One danger in a long-running detective series is that the stories might get stale. Bob Moyer finds that the Alex Delaware series may be predictable in some ways, but it’s still worth reading.
Reviewed by Robert P. Moyer
MOTIVE. By Jonathan Kellerman. Ballantine Books. 336 pages. $28.
After following the adventures of this odd, now old, couple – Milo, the slovenly, overweight, somewhat churlish gay LAPD lieutenant and Alex, the well-kempt, urbane, empathetic psychologist – through 29 novels, Jonathan Kellerman fans need a strong Motive to make it through another one. After all, the series is nothing if not predictable. Probabilities are that they will eat at the Café Moghul (they do); Alex will make light of Milo’s appetite (he does); Milo will raid Alex’s refrigerator at least once (yes); and they will bumble down numerous blind alleys until they bump into something that supplies Alex with the solution. What on earth would make us want to follow them again?
Well, confesses a fervent reader (me), just that — the comfort of their familiar company and the high probability that Kellerman will come up with a competent plot. Fortunately, all that is here, along with better-than-average banter, and some new light shed on not just the camaraderie of the two, but also their companionship.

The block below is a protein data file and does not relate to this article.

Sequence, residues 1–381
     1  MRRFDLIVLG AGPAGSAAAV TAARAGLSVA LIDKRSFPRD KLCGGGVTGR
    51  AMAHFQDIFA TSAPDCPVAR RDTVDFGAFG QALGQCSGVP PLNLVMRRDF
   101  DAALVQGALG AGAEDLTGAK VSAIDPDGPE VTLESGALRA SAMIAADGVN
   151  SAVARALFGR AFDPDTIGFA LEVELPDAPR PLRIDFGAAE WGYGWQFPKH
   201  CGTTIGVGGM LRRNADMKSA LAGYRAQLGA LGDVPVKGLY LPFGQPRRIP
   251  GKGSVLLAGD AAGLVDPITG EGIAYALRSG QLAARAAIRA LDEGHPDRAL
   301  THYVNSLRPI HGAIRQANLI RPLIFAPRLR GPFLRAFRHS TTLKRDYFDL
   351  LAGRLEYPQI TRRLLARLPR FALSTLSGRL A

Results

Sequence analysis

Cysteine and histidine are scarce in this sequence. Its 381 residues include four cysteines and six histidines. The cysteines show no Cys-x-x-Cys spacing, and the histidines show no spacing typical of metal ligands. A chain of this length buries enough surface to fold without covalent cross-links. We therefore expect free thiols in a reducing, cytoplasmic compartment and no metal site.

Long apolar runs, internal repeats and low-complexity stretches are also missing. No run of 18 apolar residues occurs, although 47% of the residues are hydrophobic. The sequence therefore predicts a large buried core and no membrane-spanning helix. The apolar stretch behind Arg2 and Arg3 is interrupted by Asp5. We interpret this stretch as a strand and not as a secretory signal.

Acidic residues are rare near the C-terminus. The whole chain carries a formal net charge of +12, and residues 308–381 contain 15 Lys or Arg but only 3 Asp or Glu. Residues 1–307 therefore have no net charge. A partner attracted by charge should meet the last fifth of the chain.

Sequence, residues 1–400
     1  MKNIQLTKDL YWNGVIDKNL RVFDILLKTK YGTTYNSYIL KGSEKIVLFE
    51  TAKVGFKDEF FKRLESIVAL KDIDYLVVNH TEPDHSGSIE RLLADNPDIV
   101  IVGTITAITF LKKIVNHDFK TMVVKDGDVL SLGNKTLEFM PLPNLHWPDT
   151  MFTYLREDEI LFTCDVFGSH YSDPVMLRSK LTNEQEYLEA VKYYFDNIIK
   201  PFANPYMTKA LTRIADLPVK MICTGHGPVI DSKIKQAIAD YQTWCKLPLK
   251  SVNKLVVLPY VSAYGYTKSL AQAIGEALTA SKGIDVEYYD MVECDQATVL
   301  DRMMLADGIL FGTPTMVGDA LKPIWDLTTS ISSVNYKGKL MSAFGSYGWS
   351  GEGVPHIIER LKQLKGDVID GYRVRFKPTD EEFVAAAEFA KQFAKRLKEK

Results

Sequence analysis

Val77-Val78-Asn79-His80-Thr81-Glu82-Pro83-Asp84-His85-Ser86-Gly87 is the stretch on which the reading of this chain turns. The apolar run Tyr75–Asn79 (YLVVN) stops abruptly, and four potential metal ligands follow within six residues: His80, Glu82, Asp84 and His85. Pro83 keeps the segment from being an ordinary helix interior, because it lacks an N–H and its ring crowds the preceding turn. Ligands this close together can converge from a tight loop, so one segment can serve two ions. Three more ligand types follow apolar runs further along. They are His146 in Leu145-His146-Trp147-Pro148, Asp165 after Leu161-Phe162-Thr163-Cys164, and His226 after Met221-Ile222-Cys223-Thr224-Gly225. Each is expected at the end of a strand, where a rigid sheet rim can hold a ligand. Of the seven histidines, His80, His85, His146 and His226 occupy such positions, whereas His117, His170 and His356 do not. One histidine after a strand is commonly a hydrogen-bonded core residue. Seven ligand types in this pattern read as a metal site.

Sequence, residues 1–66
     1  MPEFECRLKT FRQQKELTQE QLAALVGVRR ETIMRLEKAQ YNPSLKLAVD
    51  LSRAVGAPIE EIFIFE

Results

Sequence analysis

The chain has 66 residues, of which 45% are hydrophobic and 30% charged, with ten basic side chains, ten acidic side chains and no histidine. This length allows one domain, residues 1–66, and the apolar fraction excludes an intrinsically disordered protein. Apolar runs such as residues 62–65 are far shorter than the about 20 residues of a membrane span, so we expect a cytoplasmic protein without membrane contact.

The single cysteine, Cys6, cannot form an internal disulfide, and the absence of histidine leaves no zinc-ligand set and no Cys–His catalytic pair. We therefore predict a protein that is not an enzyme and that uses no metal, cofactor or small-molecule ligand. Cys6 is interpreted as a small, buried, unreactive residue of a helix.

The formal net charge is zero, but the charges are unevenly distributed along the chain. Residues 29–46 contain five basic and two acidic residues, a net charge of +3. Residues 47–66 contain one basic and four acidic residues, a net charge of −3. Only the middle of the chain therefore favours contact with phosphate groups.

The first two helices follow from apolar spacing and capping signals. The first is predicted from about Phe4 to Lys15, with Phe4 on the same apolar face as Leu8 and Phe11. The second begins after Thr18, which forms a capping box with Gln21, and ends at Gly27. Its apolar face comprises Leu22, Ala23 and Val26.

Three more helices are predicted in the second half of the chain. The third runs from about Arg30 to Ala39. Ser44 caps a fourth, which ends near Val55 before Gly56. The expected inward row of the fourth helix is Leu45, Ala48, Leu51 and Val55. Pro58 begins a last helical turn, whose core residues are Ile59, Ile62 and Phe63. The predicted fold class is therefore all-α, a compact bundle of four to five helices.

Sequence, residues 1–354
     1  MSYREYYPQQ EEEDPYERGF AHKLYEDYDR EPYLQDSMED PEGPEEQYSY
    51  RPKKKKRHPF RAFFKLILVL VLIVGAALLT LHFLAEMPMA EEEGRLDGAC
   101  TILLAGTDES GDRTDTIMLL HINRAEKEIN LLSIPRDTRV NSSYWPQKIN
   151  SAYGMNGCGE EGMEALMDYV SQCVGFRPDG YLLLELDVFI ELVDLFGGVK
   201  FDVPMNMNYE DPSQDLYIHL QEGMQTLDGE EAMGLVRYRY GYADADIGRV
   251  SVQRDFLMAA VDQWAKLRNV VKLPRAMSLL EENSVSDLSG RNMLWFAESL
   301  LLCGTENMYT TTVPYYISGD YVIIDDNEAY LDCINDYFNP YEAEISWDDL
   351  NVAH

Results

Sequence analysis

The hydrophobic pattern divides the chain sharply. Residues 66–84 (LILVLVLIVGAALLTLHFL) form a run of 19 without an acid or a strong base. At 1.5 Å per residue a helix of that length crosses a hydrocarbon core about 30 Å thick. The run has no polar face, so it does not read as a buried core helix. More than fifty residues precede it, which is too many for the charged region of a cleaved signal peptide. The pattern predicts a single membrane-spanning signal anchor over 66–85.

One of the wittiest exchanges in recent books happens in a trendy Italian cum Japanese restaurant, with “portions Haute Scrooge.” It’s a moment of Laurel and Hardy playing Holmes and Watson when Milo says “Crudo meets Sushi,” and Alex replies “Meets Godzilla.
Kellerman also gives us a glimpse of the depth of affection between the two that he doesn’t often delve into. “There you go again doing that optimistic thing again,” says Milo, frequently. Alex doesn’t reply, but muses, “I doubt he knows that it’s learned behavior, not instinct. Growing up with a chronically depressed mother and a violent boozehound father, you figure out a survival strategy or you perish. Friendship’s a fine thing but in the end we all walk alone. Milo’s my best friend. No reason to disillusion him.” So much said with so little, about the two of them, and Alex’s past. Variations on these familiar elements give added Motive to fans’ guilty pleasure in this series.
So does the Motive behind the murders in the book. Each murder is accompanied by a meticulously laid-out dinner, each meal with a theme. Kellerman buries the killer and his Motive deep in the details of the seemingly unconnected victims, so deep there’s little hint of the killer until a couple of pages before Kellerman turns a plot corner we really didn’t see coming. All in all, Kellerman gives us guilty pleasure galore, and a well-hidden villain who gets his just deserts. That’s Motive aplenty to read this 30th episode.
- Robert P. Moyer is a poet, actor, petanque champ, teacher and world traveler who occasionally settles down in Winston-Salem.